Millions of people in Shanghai, China’s locked-down financial metropolis, have been anxiously seeking medical treatment and basic necessities such as food. Young children afflicted with Covid-19 were forcibly taken from their parents. And public outrage is growing, with no end in sight as China tightens its grip.
China has been battling its greatest Covid wave yet since March, with Shanghai currently being the epicenter. The city’s entire population of 25 million people is under lockdown, with national health care personnel and the Chinese military sent to help with the response.
More than 20,000 new cases were reported in China on Tuesday, significantly above the high of Wuhan in 2020, when the epidemic began.
Though this figure is still significantly lower than in many other nations, it represents a significant increase for China, which has implemented a comprehensive zero-Covid policy that includes border restrictions, mass testing, quarantines, and severe lockdowns.
As newer, extremely contagious Covid strains continue to spread across the population, the policy’s long-term viability is being called into doubt.
Cases began to rise in early March in a number of provinces across China, including Shandong in the east, Guangdong in the south, and Jilin in the northeast.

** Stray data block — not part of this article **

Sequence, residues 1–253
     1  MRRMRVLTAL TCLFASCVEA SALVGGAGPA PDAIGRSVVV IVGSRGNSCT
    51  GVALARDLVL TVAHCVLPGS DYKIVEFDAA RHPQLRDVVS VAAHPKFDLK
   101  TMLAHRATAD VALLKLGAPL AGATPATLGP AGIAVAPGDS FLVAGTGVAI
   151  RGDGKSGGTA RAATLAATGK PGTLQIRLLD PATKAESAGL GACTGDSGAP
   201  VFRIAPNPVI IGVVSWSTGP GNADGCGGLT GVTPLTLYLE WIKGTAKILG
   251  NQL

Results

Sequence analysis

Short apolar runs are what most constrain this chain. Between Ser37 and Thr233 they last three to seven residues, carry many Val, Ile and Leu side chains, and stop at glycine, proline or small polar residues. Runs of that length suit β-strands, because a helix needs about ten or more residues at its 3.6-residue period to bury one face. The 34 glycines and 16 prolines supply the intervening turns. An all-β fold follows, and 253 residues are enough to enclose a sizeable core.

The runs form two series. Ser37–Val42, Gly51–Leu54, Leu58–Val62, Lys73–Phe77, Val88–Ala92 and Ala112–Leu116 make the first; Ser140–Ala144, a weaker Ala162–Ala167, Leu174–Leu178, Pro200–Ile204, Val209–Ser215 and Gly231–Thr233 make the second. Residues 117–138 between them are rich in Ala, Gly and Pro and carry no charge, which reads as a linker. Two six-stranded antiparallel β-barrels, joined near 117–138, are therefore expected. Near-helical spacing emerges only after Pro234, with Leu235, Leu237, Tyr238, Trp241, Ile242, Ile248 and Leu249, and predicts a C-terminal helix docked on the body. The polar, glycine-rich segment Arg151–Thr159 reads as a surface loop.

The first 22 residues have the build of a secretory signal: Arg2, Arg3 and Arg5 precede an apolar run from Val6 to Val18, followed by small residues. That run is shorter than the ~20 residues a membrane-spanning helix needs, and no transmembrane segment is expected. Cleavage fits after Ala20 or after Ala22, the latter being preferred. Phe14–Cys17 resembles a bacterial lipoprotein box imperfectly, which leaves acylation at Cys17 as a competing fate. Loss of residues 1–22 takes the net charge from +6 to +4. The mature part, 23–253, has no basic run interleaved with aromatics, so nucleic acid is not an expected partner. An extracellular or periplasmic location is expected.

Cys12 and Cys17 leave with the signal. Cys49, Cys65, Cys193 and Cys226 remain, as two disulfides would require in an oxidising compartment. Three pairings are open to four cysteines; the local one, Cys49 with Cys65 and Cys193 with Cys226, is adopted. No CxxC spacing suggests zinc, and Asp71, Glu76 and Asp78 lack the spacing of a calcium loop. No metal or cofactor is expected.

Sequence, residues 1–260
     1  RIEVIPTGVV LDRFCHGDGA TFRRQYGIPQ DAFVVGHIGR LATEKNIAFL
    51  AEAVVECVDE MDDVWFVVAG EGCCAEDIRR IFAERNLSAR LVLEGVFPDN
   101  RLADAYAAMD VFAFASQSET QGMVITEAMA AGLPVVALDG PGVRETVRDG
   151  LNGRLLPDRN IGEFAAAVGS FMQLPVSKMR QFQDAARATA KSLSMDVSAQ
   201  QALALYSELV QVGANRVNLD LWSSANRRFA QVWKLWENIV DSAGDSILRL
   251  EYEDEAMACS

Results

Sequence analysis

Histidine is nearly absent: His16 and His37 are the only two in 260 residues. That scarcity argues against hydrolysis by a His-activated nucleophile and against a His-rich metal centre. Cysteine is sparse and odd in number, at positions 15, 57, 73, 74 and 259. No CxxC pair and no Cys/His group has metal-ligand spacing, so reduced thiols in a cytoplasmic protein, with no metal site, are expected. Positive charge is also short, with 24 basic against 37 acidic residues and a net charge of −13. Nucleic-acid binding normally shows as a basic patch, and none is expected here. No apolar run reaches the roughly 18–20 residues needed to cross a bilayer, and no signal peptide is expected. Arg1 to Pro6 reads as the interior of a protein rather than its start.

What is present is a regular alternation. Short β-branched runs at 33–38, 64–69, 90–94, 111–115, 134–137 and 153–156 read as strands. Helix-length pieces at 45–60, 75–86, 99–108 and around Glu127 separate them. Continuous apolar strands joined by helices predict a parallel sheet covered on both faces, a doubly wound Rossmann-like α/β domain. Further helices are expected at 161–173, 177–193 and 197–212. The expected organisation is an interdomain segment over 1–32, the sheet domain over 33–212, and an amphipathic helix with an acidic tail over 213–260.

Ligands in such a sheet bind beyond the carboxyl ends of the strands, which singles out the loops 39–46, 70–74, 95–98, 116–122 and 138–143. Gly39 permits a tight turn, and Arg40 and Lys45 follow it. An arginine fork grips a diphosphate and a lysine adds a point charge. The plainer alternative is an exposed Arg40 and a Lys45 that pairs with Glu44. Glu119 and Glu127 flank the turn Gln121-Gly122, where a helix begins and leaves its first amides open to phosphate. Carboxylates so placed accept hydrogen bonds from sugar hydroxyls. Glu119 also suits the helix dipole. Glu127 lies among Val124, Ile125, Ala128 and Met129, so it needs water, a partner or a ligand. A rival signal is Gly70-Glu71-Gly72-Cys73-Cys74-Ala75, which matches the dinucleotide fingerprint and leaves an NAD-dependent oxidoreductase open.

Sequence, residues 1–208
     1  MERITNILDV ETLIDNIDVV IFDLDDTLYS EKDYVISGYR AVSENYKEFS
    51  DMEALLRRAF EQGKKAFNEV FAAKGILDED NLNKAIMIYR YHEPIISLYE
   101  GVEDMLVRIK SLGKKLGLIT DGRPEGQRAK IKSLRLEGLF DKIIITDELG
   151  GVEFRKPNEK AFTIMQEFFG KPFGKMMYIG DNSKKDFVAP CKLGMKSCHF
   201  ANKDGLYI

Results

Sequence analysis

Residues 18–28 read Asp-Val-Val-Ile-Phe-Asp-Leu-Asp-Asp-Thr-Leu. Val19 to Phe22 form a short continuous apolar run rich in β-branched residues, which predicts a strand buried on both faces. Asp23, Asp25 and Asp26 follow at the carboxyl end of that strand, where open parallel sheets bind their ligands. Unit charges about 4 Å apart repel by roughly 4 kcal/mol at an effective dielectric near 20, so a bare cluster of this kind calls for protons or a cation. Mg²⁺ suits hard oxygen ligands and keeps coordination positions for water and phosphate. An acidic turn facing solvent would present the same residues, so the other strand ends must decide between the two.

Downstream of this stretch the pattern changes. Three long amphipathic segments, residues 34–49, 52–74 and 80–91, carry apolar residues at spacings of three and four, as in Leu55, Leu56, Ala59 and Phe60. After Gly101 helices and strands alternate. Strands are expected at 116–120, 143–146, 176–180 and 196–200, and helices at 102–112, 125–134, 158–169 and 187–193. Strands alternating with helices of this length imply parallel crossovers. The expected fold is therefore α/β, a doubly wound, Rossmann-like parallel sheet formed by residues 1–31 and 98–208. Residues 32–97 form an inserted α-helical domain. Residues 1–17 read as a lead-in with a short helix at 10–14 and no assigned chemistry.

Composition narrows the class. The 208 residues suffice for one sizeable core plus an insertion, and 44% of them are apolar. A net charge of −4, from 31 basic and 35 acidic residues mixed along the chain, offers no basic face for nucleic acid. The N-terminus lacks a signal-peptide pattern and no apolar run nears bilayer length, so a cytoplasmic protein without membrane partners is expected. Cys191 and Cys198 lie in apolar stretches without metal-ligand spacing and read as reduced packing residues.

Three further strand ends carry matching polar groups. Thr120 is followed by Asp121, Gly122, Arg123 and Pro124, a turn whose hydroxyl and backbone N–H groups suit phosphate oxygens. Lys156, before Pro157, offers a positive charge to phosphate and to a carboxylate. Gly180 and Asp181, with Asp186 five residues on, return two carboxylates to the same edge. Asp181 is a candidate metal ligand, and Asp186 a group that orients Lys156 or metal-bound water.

According to the National Health Commission, the virus had spread to 29 of China’s 31 provinces by the end of the month (NHC). Jilin and Shanghai, the two main hotspots, accounted for 90% of all cases reported in March.
In March, a number of cities with a combined population of more than 37 million people were placed under various levels of lockdown. By early April, several of the lockdowns had been lifted, leaving Shanghai as an exception, as officials fight to bring its cases under control.
Only two Covid fatalities have been officially documented thus far during this wave, both of which occurred in March in Jilin.
Experts and foreign watchers have worried as the outbreak has progressed if this wave, the more transmissible type, and China’s huge immunization effort may put zero-Covid to an end.
According to the NHC, around 78 percent of the country’s 1.4 billion people had been properly vaccinated as of Friday.
Scientists and authorities had signaled that they were rethinking the policy before the epidemic, with one renowned epidemiologist posting on Weibo in early March that zero-Covid would “not remain unaltered forever.”
But that appears to be a long way off, with Chinese officials making it plain that the alternative — the virus spreading across the country and potentially overloading the health system — is the worse choice.
According to the state-run newspaper Global Times, Wu Zunyou, head epidemiologist of the Chinese Center for Disease Control and Prevention, said on Friday that China will “continue to emphasis on dynamic zero-Covid policy.” He noted that the relaxing of limitations and openness of borders observed in other nations might “create numerous difficulties,” including a “strain on” medical resources and an increase in mortality.
Vice Premier Sun Chunlan said in Shanghai on Monday that achieving zero-Covid would need “a more committed mindset, more strong actions, and more effective cooperation.”